A giant stellar nursery in a nearby galaxy is giving birth to thousands of new stars. That includes some of the more massive stars ever seen, which will explode as supernovas. But most of the stars are much smaller and more sedate, so they’ll live long, quiet lives.
NGC 346 is 200,000 light-years away. It’s the biggest and brightest star-forming region in the Small Magellanic Cloud — a close companion to our home galaxy, the Milky Way. The nursery probably is about three million years old, yet it may already contain tens of thousands of stars. It probably also contains thousands of stellar wannabes — objects that have not yet lit the fires of nuclear fusion, allowing them to shine as true stars.
Until recently, astronomers had seen only the brightest and most massive of the stars that are still being born. But using James Webb Space Telescope, they found hundreds more. Most of them will form stars that are similar to the Sun or smaller. It’s the first time we’ve ever seen the birth process of such modest stars in any galaxy beyond the Milky Way.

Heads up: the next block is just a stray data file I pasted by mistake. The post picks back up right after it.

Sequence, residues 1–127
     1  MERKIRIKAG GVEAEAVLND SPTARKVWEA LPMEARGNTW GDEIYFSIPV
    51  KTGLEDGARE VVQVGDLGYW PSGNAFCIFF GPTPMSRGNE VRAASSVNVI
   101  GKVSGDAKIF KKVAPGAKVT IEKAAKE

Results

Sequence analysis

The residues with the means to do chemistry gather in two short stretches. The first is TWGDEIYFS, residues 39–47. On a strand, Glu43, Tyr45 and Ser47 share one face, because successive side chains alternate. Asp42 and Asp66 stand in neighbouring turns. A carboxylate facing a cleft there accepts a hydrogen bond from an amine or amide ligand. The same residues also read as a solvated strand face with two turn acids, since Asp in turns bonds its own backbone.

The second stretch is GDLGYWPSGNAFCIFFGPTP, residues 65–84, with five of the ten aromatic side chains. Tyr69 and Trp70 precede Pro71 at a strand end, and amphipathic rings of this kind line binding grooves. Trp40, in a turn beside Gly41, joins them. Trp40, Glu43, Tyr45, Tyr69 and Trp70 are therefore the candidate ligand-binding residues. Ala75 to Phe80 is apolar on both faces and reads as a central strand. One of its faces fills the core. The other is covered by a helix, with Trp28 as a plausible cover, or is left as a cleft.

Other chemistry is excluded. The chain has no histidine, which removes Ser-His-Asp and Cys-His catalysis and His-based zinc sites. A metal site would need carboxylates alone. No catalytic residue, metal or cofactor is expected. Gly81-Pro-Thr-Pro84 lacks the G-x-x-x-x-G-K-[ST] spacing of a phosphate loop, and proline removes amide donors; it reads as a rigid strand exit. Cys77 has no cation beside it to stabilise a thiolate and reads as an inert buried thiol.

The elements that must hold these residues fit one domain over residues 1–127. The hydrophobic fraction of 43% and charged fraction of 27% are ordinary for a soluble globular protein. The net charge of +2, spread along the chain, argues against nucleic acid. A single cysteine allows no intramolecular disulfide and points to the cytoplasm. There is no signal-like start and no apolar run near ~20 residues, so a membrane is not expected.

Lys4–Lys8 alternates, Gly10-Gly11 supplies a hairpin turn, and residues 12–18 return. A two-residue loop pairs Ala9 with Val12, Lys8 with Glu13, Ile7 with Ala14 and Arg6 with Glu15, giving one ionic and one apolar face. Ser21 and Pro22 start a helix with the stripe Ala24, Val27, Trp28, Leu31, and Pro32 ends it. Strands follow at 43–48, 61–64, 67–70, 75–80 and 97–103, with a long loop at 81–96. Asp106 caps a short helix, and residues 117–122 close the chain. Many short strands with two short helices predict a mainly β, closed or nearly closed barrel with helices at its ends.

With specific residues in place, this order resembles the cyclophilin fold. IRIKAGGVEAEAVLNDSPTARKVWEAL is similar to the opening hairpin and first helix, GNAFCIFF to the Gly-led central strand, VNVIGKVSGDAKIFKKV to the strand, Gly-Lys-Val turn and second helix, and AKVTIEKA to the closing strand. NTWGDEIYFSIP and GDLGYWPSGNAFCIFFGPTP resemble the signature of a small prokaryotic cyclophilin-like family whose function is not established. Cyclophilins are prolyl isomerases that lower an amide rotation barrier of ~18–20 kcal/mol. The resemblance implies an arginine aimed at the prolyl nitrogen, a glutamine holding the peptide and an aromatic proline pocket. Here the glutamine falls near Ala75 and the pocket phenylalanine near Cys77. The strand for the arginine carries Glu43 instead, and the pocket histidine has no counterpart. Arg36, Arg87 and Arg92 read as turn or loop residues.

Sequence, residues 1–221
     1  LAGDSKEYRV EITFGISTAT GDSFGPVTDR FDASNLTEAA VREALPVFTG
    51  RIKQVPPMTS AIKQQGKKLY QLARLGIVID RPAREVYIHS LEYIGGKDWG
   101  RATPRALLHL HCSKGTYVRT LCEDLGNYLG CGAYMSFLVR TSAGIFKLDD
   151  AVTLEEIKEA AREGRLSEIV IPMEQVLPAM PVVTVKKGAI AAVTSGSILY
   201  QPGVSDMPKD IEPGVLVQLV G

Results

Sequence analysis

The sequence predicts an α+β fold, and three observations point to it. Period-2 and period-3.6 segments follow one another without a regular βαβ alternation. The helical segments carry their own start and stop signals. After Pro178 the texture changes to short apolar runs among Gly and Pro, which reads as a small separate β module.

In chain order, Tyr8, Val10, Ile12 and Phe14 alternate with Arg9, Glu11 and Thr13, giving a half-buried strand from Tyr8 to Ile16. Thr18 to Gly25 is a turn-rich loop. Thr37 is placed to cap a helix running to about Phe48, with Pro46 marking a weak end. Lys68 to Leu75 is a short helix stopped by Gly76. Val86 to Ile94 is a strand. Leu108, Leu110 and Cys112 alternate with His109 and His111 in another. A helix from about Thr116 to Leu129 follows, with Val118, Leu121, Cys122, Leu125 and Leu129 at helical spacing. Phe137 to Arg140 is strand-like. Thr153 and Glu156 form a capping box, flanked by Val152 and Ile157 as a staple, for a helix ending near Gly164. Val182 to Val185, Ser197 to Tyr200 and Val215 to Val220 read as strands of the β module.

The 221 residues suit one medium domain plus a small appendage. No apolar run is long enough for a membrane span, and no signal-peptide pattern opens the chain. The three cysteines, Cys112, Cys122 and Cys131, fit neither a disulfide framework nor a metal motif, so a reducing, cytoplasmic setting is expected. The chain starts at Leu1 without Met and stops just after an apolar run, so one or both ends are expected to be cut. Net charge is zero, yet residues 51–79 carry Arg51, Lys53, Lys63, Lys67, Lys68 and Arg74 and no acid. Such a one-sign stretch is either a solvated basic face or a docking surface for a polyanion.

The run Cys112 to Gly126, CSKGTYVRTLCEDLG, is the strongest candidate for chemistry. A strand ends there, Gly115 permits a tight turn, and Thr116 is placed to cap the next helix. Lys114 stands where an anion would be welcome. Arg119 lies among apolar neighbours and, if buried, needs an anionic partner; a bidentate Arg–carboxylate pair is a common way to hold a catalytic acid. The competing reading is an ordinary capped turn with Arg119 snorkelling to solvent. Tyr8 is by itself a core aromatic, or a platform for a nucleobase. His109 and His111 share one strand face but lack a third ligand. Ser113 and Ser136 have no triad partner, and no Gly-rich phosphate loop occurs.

Webb discovered dust in the disks of material around the newly forming stars — also a first. The dust grains are made of heavy elements that could someday form planets around the stars — especially small, rocky planets like Earth. So NGC 346 could be showing us the birth not only of thousands of future stars, but of thousands of future planets as well.
Script by Damond Benningfield